“The Legal EHR System Functional Profile strengthens the EHR System Functional Model standard,” said Michelle Dougherty, director of practice leadership at AHIMA, and co-facilitator in the development of the legal profile. “It identifies the functionality within an EHR System that helps organizations maintain a legally sound health record.”

Mon said the legal profile will benefit both providers and vendors and will help them talk to one another about functionality.

The profile will also help healthcare organizations reduce costs associated with inefficiencies caused by redundant paper and electronic health records, he said. Without a legal definition for electronic records, organizations would be apt to rely on paper records as the legal record – prompting dual record keeping in many cases.

“The financial benefit is to the organization to the extent it will help reduce their paper,” Mon said.


IRS Memo on IT Donations to Docs Raises Patient Privacy Concerns

Reprinted from the June 2007 issue of REPORT ON PATIENT PRIVACY, the industry’s most practical source of news on HIPAA patient privacy provisions.Hospitals may donate health information technology (HIT) to physicians without fear of jeopardizing their tax-exempt status, the IRS recently announced. But the agency’s insistence that physicians grant hospitals full access to their medical records if they accept HIT assistance has privacy officials and experts scratching their heads.

Last month, the IRS released an internal memorandum in response to a November 2006 request for guidance from the American Hospital Association (AHA). AHA said hospitals were “poised to implement HIT sharing with physicians” but were worried about whether doing so would threaten their tax exemption.

Hospitals already had what they considered to be a partial go-ahead to donate HIT. To spur the adoption of HIT, including electronic health records and e-prescribing technology, Congress included a provision in the 2003 Medicare reform law requiring HHS to write rules that would provide a safe harbor under the anti-kickback statute and provide an exception under the physician self-referral statute for hospitals that wanted to share HIT.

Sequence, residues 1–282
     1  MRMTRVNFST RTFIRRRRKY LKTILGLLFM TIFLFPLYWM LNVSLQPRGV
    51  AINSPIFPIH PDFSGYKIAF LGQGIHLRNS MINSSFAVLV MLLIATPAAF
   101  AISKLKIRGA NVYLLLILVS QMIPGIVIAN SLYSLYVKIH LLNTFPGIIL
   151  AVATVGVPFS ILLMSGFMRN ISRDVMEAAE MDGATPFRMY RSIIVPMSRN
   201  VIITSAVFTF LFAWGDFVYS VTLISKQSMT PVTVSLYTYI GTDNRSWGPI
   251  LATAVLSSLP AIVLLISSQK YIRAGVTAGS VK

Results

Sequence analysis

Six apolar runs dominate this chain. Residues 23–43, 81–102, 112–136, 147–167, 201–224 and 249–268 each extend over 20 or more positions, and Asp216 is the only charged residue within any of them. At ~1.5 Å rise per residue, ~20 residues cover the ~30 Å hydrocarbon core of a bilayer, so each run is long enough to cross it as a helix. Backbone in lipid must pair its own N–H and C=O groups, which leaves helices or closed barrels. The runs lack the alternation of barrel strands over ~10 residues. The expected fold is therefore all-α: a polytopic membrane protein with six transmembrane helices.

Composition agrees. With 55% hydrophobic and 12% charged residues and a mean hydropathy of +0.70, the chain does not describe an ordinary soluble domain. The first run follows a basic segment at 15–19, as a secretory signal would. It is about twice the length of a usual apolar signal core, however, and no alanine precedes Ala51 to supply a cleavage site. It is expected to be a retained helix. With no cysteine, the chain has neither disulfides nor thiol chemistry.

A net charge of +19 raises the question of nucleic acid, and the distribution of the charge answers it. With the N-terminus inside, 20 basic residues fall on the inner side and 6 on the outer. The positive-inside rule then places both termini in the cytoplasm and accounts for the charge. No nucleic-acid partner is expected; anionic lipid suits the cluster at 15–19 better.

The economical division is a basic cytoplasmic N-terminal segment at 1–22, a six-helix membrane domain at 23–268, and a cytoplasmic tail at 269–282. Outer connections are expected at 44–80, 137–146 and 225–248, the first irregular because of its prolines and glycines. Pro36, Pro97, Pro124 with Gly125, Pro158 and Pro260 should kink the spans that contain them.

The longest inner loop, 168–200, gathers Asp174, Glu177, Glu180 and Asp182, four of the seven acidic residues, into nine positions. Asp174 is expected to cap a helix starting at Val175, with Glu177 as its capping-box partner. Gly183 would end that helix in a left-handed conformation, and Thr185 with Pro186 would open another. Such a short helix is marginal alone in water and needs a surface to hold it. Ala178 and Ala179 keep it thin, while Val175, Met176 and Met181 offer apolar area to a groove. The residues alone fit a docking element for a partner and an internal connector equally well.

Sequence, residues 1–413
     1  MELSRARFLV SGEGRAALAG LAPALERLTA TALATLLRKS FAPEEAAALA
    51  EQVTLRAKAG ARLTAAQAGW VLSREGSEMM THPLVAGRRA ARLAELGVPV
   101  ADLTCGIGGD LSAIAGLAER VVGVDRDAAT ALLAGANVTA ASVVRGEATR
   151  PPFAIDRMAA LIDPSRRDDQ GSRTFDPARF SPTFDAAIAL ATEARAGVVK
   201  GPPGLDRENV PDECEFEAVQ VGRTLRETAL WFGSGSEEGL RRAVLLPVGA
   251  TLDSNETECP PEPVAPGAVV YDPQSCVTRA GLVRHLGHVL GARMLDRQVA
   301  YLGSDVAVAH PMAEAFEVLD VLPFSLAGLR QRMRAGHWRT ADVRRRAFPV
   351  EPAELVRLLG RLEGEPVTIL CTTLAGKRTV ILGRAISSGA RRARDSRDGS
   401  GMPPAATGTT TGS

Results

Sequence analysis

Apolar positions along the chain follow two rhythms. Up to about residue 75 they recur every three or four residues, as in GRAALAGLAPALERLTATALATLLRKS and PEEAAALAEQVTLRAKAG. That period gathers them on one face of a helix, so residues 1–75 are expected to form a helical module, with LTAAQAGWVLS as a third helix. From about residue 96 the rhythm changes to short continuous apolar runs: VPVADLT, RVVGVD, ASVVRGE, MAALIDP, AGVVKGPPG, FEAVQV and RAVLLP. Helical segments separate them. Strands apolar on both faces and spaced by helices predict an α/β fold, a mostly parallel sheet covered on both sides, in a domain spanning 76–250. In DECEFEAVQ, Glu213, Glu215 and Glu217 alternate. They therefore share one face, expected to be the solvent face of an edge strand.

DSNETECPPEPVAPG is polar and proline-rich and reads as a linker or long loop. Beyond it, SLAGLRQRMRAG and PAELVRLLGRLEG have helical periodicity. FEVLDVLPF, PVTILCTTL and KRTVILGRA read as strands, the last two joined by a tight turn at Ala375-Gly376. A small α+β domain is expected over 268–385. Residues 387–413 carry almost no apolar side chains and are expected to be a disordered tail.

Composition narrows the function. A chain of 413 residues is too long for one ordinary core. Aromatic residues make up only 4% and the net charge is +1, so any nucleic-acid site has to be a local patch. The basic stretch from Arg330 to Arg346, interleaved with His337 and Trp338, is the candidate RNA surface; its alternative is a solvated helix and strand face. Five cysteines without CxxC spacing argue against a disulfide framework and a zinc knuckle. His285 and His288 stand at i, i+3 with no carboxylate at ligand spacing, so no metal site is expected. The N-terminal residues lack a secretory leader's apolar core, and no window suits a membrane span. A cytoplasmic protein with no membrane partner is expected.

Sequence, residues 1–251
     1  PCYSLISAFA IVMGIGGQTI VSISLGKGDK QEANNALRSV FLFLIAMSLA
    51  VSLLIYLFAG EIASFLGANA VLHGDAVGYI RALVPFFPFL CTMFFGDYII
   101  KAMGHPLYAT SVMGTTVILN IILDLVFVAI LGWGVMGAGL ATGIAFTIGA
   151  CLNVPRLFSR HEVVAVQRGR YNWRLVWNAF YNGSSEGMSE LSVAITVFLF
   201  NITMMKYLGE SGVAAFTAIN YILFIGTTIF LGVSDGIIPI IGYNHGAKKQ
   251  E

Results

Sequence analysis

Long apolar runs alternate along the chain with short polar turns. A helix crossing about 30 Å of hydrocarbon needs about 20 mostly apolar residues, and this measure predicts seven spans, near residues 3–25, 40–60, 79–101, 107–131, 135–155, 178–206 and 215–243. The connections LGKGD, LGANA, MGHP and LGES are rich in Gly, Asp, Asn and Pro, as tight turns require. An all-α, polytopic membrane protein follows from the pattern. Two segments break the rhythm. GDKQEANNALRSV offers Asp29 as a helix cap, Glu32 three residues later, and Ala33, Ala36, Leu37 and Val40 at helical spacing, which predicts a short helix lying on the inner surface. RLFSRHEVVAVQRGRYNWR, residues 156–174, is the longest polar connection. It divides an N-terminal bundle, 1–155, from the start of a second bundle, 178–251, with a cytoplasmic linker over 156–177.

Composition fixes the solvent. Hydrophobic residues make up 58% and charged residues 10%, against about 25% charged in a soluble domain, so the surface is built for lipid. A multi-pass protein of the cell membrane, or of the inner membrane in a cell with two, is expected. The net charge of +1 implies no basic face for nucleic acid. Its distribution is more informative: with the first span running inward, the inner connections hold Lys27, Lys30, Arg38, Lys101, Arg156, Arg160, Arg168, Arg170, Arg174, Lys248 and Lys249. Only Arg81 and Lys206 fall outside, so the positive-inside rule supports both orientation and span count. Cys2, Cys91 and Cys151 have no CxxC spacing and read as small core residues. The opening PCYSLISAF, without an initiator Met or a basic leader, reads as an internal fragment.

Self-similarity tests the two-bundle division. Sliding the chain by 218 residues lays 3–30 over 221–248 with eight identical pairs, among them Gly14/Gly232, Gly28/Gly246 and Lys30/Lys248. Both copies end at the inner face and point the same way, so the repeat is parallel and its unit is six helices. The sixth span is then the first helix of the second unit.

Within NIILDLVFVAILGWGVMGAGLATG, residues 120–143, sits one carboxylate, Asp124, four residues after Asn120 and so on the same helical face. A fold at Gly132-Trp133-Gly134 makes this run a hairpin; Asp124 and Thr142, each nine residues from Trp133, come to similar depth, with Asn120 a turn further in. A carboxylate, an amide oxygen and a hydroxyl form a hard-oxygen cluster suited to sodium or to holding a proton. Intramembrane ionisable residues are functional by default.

AHA Fears Policy May Be Altered

HHS released such rules in August 2006, but AHA said nonprofit hospitals needed the IRS to weigh in on the issue before they felt comfortable going ahead with HIT sharing. A survey of chief information officers conducted this spring revealed that a majority did not plan to make such donations, out of fear that the rules, issued when Republicans controlled Congress, could be altered now that Democrats are the majority. Rep. Pete Stark (D-Calif.), in particular, has stated his opposition to the HHS rules.

AHA’s letter seeking clarification was sent to Lois Lerner, the IRS’s director of exempt organizations. AHA says non-profit should be allowed to make IT donations without tax consequences. “The HHS regulations permit hospital and health care systems to provide software and other health IT and support services (but not hardware) to physicians for the purpose of promoting health by improving patient safety, and the efficiency and effectiveness of care,” the letter states.

The memo that the IRS released on May 11 was written by Lerner, addressed to her staff and posted on the IRS’s Web site under the topic “Electronic Health Records Directive.” The IRS described the memo as a “directive for cases on hospitals that help physicians acquire electronic health records.”

“We will not treat the benefits a hospital provides to its medical staff physicians as impermissible private benefit or inurement in violation of section 501(c)(3) of the Code if the benefits fall within the range of Health IT Items and Services that are permissible under the HHS EHR Regulation and the hospital operates in the manner described below,” Lerner writes in the memo.